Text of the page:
Unless you’re a color scientist, “chromatic adaptation” means nothing to you. Yet, you experience the phenomenon thousands of times every day. The cool part is that your iPad Pro is now mimicking your eye’s behavior.
Here’s what Apple says about the new display:
See things in the best possible light. Whatever the lighting.
People love using iPad everywhere. That’s why the new 9.7‑inch iPad Pro has a True Tone display. It uses advanced four-channel ambient light sensors to automatically adapt the color and intensity of the display to match the light in your environment. Which means reading is more natural and comfortable — almost like looking at a sheet of paper.
Specialized neurons in our brain do the same thing to adjust the information received by the cone cells in our eyes. When you look at a sheet of paper, the “gain” of our color receptors is adjusted so that constant color is perceived. Amazingly, this effect is seen with both the global illumination of your environment and the local illumination of what you’re focused on (this is why the checkerboard shadow illusion works.)
On the iPad, there’s some heavy-duty math being done on the GPU in real time. The colors of what you are viewing are transformed into a numerical model based on the wavelength responses of your retina’s cone cells. Those, in turn, are transformed into colors that are adjusted by sensors hidden behind the top bezel of the device.
Again, color management is the thing that makes it all work.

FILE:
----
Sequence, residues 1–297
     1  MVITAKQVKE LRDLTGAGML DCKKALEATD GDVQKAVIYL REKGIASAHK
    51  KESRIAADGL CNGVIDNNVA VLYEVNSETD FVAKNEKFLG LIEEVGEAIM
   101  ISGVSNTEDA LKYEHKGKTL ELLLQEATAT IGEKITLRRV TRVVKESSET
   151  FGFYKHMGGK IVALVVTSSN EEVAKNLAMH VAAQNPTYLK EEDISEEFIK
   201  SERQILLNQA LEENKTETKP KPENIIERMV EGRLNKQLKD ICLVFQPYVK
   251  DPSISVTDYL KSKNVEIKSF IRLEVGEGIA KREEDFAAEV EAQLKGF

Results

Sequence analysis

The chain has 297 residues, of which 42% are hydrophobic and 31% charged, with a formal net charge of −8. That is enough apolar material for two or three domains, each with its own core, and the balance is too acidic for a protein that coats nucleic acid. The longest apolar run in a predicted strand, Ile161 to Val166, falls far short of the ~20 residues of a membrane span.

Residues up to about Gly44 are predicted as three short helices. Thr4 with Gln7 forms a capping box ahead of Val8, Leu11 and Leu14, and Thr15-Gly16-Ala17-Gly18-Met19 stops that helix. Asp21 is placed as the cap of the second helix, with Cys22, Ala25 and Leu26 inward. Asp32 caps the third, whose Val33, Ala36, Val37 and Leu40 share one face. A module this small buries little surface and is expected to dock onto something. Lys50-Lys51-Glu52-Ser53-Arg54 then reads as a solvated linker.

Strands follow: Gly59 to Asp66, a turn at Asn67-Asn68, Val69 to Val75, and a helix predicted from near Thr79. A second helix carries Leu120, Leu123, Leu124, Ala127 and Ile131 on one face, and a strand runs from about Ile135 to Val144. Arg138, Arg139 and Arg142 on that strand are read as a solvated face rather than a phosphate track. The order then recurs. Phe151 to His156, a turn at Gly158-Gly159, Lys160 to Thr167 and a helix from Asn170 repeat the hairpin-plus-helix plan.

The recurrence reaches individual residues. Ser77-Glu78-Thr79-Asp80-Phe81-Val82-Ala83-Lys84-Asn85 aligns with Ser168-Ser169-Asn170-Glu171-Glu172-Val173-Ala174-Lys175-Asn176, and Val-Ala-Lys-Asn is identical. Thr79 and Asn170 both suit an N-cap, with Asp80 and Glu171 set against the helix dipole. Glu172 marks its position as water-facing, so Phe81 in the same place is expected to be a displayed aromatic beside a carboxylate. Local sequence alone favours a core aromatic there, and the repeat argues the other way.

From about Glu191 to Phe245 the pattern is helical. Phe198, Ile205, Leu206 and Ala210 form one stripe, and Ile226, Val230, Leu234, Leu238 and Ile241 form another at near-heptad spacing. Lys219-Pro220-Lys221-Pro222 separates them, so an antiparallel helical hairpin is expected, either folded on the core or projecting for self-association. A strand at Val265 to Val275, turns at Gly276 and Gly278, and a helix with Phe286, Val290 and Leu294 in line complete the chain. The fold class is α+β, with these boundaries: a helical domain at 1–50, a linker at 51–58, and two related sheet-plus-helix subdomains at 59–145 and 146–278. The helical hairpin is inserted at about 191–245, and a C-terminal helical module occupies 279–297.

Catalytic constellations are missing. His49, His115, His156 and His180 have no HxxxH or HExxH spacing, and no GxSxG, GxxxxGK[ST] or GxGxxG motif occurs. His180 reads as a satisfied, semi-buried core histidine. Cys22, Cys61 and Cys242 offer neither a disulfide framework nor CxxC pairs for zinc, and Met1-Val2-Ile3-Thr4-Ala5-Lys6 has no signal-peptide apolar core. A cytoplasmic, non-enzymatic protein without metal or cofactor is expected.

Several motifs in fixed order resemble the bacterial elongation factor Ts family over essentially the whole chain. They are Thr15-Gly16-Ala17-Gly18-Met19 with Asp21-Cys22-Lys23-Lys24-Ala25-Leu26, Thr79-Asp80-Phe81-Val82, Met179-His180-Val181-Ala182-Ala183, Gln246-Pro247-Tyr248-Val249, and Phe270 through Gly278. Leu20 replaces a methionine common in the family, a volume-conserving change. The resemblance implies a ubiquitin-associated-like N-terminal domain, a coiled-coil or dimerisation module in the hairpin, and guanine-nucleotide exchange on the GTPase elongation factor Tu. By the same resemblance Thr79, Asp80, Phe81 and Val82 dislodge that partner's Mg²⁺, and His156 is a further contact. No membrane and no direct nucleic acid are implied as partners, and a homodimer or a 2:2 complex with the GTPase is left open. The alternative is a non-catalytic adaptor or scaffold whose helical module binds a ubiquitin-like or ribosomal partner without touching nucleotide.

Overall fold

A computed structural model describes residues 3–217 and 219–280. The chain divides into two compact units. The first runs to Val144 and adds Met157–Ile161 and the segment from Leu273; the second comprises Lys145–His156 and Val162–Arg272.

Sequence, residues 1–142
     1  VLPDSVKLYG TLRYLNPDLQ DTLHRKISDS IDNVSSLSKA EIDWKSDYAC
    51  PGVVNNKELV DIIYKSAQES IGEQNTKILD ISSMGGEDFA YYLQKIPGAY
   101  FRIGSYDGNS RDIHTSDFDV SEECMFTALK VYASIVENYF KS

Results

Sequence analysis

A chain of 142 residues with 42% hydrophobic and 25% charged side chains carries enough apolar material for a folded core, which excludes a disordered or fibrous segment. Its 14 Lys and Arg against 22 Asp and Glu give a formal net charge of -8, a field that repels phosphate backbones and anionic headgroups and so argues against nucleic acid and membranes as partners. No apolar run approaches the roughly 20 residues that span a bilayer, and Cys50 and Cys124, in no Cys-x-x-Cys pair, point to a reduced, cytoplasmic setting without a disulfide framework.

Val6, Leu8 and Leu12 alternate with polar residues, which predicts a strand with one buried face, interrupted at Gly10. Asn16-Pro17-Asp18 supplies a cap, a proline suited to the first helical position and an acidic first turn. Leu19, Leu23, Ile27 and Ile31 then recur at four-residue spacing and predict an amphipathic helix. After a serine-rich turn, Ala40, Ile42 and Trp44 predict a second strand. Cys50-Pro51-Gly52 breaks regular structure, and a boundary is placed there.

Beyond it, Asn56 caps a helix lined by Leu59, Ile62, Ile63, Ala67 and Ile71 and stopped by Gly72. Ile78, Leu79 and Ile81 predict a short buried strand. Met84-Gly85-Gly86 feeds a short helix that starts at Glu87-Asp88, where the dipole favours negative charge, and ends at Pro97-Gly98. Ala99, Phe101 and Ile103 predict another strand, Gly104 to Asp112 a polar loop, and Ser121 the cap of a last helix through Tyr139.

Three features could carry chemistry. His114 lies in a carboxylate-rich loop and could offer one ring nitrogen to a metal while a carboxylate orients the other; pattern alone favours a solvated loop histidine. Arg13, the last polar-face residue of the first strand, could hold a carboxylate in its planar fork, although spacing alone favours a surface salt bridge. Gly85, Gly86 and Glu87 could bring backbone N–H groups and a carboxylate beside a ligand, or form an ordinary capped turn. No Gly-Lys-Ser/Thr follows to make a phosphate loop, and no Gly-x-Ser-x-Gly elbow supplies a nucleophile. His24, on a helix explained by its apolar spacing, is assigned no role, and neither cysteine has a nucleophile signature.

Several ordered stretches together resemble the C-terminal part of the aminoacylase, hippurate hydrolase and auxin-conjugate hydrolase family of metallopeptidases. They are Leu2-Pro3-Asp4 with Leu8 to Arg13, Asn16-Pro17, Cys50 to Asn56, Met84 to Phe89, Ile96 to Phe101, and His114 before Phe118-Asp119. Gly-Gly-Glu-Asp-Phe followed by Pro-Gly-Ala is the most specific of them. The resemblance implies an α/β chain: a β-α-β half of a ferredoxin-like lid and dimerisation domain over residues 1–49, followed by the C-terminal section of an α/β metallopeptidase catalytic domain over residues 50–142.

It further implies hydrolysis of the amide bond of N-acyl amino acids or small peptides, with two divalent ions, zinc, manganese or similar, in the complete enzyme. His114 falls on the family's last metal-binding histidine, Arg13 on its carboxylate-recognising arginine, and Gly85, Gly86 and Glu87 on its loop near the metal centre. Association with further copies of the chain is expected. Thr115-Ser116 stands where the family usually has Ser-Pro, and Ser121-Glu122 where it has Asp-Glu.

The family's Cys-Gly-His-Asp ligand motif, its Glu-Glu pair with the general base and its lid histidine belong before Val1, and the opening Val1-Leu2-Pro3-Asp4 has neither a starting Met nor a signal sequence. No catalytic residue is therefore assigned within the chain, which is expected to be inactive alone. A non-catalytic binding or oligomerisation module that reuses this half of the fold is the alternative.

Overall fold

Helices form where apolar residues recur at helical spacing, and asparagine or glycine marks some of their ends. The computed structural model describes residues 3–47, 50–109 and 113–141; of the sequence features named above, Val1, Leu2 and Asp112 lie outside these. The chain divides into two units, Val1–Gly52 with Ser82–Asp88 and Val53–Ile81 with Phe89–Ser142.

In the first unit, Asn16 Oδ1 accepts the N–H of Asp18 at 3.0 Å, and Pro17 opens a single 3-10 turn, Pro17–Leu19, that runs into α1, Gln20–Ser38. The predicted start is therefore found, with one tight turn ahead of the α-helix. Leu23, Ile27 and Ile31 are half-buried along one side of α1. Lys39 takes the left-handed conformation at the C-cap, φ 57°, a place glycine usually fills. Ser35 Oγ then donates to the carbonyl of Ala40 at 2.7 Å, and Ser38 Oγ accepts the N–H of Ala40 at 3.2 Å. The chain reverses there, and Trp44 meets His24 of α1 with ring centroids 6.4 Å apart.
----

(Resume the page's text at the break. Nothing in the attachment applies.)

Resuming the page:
The Advantage of Managing Color
Today, we’re in a pleasant situation where displays don’t need to get any denser. Thanks to the Retina display and others like it, we can’t see the pixels that are on our screen.
There’s only one way for manufacturers to improve displays and gain a competitive advantage. They need to make the displays “deeper”; able to show a wider range of color. It’s also clear from Apple’s work that they see smarter displays, with things like True Tone technology, as a way to distinguish themselves in a crowded market.
Apple is in a unique position with regard to color management. They own a technology called ColorSync that first saw the light of day in 1993 with System 7.1 on the Mac. It’s also been integrated at a system-level for all of the OS X releases. It’s a very mature technology that recently made its way to mobile in the iOS 9.3 release.
On the other side of the coin, Android has no color management. Companies like Samsung are going to find it impossible to pull off something like True Tone and DCI-P3 without the aid of color management.
There are open source color management systems and profiling tools, but integrating them system-wide is a large undertaking. Also, color management can’t be an “add on”: most users won’t be aware it exists or how to enable it. Windows is a good example of that phenomenon—apps rarely use color management because developers can’t rely on it being available.
But I Can’t See It!